Viruses in Ticks

I. Natural Infections of Argas (Persicargas) Arboreus by Quaranfil and Nyamanini Viruses and Absence of Infections in A. (P.) persicus in Egypt

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  • Department of Medical Zoology, United States Naval Medical Research Unit Number Three, Cairo, Egypt, U. A. R.

Summary

Argas (Persicargus) arboreus ticks were collected monthly between March 1963 and February 1964 from a nesting site of Bubulcus i. ibis L. (cattle egret) in the Nile Barrage Park near Cairo, Egypt. A total of 2,500 ticks, tested in 500 pools of 5 each, yielded 42 strains of Quaranfil virus and 76 strains of Nyamanini virus. No virus strains were recovered from 2,400 specimens of A. (P.) persicus from domestic chickens in the same general area.

Natural infection indexes of both viruses showed an early spring rise and a less marked fall rise in the tick population. The spring rise of Nyamanini was maintained through most of the summer months; that of Quaranfil dropped in midspring and remained at a low level until fall. Cattle egrets are absent from the nesting sites during winter; they return and are easily available hosts for these ticks early in spring when the weather becomes warmer. Adult and young birds are present in the same trees till the end of summer or early fall.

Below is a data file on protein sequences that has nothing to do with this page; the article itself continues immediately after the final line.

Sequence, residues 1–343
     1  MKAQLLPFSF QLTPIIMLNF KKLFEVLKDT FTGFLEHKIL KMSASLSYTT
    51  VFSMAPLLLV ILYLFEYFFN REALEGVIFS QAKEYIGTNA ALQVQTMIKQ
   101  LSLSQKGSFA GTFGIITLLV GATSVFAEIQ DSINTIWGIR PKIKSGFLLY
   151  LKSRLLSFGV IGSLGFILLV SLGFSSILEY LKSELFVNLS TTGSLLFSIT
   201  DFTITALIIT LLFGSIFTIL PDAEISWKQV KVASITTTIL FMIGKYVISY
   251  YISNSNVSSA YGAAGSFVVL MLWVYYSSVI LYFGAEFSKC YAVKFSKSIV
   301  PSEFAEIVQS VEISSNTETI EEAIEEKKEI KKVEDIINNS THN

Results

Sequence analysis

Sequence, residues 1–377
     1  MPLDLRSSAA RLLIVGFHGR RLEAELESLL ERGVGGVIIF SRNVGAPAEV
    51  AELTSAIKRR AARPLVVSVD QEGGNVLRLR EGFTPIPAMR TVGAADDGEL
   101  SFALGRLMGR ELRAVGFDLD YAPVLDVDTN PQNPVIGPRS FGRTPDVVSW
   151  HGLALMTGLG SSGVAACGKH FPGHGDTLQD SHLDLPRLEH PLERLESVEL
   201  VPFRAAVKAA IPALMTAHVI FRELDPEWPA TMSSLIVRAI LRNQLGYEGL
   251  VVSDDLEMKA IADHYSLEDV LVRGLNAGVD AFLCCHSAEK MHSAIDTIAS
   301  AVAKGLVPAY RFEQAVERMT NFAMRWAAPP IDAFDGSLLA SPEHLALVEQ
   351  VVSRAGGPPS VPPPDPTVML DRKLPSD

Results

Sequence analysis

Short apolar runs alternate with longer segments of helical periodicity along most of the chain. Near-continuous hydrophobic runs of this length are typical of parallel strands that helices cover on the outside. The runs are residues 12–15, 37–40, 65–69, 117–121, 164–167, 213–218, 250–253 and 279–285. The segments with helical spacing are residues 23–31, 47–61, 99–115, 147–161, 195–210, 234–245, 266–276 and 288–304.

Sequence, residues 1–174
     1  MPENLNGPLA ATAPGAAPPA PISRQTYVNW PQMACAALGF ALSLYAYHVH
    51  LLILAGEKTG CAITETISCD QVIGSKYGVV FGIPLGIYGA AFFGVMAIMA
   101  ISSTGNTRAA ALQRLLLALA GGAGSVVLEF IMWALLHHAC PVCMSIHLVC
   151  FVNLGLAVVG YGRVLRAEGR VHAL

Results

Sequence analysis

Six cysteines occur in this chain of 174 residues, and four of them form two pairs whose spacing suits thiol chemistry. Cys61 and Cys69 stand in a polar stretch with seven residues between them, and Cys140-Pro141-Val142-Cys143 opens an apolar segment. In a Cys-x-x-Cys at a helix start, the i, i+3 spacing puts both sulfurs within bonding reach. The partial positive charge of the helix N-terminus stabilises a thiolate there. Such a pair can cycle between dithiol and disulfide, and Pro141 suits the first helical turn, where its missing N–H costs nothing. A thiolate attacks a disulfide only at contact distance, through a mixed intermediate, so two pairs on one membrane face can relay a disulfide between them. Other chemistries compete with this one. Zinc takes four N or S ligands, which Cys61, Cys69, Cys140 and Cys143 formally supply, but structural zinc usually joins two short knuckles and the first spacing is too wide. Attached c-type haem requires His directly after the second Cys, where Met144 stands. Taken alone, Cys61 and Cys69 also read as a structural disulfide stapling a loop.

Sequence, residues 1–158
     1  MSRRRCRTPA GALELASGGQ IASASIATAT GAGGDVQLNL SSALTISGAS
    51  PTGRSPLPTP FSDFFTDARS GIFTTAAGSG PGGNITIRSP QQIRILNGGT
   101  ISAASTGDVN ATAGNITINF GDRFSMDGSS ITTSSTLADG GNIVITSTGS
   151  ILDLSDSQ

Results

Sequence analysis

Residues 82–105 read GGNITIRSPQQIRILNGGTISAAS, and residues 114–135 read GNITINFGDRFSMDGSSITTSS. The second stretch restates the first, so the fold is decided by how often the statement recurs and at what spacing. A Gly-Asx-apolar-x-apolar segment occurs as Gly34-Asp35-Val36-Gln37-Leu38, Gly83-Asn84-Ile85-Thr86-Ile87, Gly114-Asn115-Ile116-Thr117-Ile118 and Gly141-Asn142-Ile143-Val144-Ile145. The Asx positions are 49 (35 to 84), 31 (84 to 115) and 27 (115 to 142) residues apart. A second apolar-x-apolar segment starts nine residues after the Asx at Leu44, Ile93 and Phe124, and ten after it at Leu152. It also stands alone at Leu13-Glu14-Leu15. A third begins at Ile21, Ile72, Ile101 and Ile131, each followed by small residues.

While no Nyamanini viremia resulted from experimental inoculation of newly hatched domestic chicks, Quaranfil viremia occurred regularly and death ensued on the fourth and fifth days. Nyamanini virus is postulated to be transovarially transmitted by A. (P.) arboreus.

The possibility of concurrent natural infection of single ticks with both viruses appears to be slight. The presence of residual blood in field-collected A. (P.) arboreus appeared to have little or no diminishing effect on virus detection in the laboratory. Quaranfil and Nyamanini viruses were found to be antigenically unrelated to each other or to Chenuda virus and to differ in pathogenicity to experimental animals and in tissue culture.

It is concluded that Quaranfil and Nyamanini viruses are primarily bird viruses. Argas (P.) arboreus, the tick vector, sustained by and restricted to the avian host population, provides for the maintenance and dissemination of these viruses.

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